The Pulpit Meets the Newspaper

In 1939, Lewis Dunnington was in his 11th year as pastor of Endion Methodist Church in Duluth, Minnesota. He was married to Helen French Dunnington and the father of four boys ranging from 6 to 14 years of age.

1939 was also a pivotal year in world history. Hitler had signed the Munich Agreement in 1938, in which the Allies accepted Germany’s claim to the Sudetenland region of Czechoslovakia in return for German recognition of Czechoslovakia’s remaining borders. But In March of 1939, Hitler violated this agreement by invading what remained of Czechoslovakia and creating the Protectorate of Bohemia and Moravia. This effectively gave him total political and military control of what had been Czechoslovakia.

The question for the rest of the world was how far and how fast Hitler would eventually expand his reach, with the focus on Poland whose borders were increasingly threatened.

The editor of the Duluth Herald decided that one way to answer this question would be to send Pastor Lewis Dunnington to Europe to find out. Lew had a Master’s degree in history and his personal commitment to witnessing world history had already led to three earlier trips to Europe.

One would think that sending a Methodist minister with four young sons to an area where Nazi armies had already obliterated two national boundaries would be a non-starter, but on June 28, 1939, correspondent Lewis Dunnington left Duluth for Europe.

Off to Europe

Photo accompanying Lew’s August 8, 1939 Duluth Herald story

The plan was for Lew to spend two months on a “vagabonding” tour with potential stops in Hamburg, Berlin, Danzig (Gdansk), Warsaw, Moscow, Krakow, Odessa, Bucharest, Vienna, Prague, Leipzig, Eisenach, Wilmar, and Cologne.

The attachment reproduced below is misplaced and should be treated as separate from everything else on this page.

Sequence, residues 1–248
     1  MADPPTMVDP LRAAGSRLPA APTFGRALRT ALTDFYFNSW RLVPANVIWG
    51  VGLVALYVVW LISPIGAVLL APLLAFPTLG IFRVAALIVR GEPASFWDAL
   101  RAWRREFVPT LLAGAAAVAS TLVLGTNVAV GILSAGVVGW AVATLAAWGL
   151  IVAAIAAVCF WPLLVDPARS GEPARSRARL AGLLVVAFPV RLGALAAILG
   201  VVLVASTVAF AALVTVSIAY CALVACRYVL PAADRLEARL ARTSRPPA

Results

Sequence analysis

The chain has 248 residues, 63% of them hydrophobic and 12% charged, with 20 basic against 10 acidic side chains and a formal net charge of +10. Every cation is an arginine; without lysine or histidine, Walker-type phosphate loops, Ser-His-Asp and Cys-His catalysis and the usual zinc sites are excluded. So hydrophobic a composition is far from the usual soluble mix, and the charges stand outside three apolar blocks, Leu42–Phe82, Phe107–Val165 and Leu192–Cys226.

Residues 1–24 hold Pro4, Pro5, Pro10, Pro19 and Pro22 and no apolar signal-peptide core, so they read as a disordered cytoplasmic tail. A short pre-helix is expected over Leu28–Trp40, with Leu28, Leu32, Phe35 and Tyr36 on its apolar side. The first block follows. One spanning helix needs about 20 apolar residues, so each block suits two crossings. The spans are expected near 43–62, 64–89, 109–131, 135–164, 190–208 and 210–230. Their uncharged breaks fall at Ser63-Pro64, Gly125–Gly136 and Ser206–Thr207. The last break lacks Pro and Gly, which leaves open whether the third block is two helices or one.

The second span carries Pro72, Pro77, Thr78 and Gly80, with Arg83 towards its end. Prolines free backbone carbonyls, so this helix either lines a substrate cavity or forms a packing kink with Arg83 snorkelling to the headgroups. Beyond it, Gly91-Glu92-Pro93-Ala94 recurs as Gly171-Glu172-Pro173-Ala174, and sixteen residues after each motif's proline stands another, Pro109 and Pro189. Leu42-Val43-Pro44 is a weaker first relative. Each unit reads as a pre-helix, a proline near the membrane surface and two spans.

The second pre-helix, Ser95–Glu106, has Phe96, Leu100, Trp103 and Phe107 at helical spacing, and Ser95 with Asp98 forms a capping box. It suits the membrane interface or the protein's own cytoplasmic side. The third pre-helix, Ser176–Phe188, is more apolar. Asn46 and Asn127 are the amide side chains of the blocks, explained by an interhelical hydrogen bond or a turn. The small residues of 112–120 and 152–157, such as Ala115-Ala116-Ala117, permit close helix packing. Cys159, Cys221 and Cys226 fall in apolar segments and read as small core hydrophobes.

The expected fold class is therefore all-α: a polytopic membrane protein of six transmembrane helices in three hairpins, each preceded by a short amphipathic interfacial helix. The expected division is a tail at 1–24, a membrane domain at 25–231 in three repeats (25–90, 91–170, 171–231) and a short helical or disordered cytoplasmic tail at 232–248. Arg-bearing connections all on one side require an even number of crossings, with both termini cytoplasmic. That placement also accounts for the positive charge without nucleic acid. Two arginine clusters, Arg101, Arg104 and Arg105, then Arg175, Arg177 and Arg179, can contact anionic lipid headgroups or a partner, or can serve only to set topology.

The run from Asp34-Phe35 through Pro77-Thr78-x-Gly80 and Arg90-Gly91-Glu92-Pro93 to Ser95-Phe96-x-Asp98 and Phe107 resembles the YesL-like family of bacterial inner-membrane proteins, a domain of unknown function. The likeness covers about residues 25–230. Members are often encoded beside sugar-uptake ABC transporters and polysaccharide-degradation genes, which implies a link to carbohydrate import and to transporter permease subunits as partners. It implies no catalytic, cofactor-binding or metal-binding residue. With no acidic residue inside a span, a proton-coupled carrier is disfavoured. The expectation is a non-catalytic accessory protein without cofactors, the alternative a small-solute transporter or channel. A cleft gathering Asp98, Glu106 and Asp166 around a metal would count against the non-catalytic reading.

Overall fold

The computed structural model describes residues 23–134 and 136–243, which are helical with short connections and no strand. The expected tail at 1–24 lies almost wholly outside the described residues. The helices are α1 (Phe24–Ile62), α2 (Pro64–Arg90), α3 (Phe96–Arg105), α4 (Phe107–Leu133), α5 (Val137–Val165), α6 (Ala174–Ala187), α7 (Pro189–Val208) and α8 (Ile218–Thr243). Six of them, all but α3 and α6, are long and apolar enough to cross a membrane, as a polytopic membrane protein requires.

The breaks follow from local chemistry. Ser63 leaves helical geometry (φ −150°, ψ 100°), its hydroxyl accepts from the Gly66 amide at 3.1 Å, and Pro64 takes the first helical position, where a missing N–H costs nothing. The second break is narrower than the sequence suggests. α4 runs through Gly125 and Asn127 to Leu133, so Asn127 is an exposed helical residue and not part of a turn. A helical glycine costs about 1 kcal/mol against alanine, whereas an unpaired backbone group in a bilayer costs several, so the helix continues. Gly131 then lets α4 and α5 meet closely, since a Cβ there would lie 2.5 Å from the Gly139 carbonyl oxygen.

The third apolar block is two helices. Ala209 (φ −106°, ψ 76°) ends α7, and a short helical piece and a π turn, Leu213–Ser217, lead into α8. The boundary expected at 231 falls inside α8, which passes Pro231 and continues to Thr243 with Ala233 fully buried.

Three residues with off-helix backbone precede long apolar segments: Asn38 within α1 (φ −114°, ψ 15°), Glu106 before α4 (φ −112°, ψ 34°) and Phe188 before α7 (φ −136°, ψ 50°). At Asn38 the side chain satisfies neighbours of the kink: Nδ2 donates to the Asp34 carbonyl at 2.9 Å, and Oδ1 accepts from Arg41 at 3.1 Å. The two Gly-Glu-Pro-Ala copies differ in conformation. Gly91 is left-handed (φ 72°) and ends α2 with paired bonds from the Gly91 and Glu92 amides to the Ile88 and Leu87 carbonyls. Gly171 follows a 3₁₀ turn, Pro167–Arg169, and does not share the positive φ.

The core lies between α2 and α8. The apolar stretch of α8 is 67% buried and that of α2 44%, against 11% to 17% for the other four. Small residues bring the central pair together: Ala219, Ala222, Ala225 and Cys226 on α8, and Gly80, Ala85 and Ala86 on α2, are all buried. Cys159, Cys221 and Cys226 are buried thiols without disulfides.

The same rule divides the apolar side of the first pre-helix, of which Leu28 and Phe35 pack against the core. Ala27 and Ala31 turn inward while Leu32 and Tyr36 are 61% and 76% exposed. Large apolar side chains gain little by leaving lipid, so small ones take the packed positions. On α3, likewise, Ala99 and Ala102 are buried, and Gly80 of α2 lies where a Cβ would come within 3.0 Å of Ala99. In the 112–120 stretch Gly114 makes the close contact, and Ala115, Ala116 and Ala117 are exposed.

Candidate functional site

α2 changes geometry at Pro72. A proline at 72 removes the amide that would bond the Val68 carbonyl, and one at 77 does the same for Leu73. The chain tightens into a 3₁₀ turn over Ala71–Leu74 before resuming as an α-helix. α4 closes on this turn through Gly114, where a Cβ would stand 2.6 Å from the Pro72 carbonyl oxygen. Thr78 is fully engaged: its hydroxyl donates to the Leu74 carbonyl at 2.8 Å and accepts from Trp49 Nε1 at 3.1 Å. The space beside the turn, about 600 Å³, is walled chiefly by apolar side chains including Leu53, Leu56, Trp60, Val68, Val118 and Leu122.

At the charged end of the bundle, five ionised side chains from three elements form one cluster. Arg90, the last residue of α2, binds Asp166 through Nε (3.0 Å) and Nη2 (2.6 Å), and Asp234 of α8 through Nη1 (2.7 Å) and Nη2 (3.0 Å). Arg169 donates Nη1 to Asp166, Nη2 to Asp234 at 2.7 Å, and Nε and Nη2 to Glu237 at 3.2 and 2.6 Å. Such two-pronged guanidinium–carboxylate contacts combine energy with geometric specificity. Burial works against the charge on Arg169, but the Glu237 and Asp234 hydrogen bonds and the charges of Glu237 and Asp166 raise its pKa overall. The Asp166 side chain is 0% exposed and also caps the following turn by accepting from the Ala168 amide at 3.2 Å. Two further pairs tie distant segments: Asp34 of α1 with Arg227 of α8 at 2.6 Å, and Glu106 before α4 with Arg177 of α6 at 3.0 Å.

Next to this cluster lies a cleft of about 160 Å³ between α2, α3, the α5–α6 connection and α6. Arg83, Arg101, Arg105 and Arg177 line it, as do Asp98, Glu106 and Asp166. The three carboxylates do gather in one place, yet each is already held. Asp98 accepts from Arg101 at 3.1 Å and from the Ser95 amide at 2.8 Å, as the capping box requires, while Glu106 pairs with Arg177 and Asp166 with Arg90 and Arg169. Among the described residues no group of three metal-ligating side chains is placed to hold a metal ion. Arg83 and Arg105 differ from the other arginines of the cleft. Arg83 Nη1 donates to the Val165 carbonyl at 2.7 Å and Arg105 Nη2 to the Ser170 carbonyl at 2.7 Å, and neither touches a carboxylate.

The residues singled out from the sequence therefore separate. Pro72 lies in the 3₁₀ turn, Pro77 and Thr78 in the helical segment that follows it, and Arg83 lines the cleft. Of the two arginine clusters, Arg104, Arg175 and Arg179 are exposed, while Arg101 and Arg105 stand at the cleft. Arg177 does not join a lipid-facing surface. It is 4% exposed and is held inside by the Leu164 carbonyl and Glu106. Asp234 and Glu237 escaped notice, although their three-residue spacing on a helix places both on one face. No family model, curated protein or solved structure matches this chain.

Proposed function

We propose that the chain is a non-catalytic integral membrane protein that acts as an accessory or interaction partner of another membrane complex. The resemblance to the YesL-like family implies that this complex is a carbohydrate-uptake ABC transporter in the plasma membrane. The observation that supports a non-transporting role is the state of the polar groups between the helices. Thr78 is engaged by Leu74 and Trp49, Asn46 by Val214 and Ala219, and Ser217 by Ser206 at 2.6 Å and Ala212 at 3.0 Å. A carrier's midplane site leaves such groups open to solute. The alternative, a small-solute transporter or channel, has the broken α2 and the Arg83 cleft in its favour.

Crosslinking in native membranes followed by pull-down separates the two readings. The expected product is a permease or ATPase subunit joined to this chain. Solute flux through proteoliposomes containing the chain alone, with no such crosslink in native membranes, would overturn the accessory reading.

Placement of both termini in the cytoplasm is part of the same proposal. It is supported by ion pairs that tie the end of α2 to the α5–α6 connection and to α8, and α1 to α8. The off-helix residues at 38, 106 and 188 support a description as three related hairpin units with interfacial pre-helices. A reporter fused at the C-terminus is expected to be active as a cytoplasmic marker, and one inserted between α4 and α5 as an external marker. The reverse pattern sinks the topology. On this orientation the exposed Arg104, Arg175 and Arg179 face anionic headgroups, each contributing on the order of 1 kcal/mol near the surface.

Table card in German nightclubs demonstrating forbidden dancing styles

Armed with Associated Press contacts from the AP head in New York City and a letter from the German Consul-General in Chicago requesting that German officials give him complete cooperation, Lew set sail for Hamburg, Germany on July 2, 1939.

The 11 articles that Lew sent back to the Herald reflected the gap between Nazi propaganda concerning the living conditions of the German people and the grimmer situation on the ground.

He was able to travel to Berlin, Bavaria, Munich, Warsaw, Danzig (Gdansk), and Vienna mostly by train and automobile. In the German cities he visited, Lew was assigned official Nazi handlers. Even when he was in unoccupied Poland, he was always aware of observation by the Gestapo.

For the articles that were published while Lew was still in Nazi-occupied territory, he kept his observations circumspect and acceptable to German censors.

It was in his fifth of eleven articles, dispatched from Warsaw, that Lew was able to report the intense propaganda he had been surrounded by in Germany. His succeeding articles described the discrepancies between supposed “full iceboxes” of everyday Germans and the food shortages he found on the ground. He was also free after this to give full vent to his feelings that the Nazis obviously meant to take Poland by force.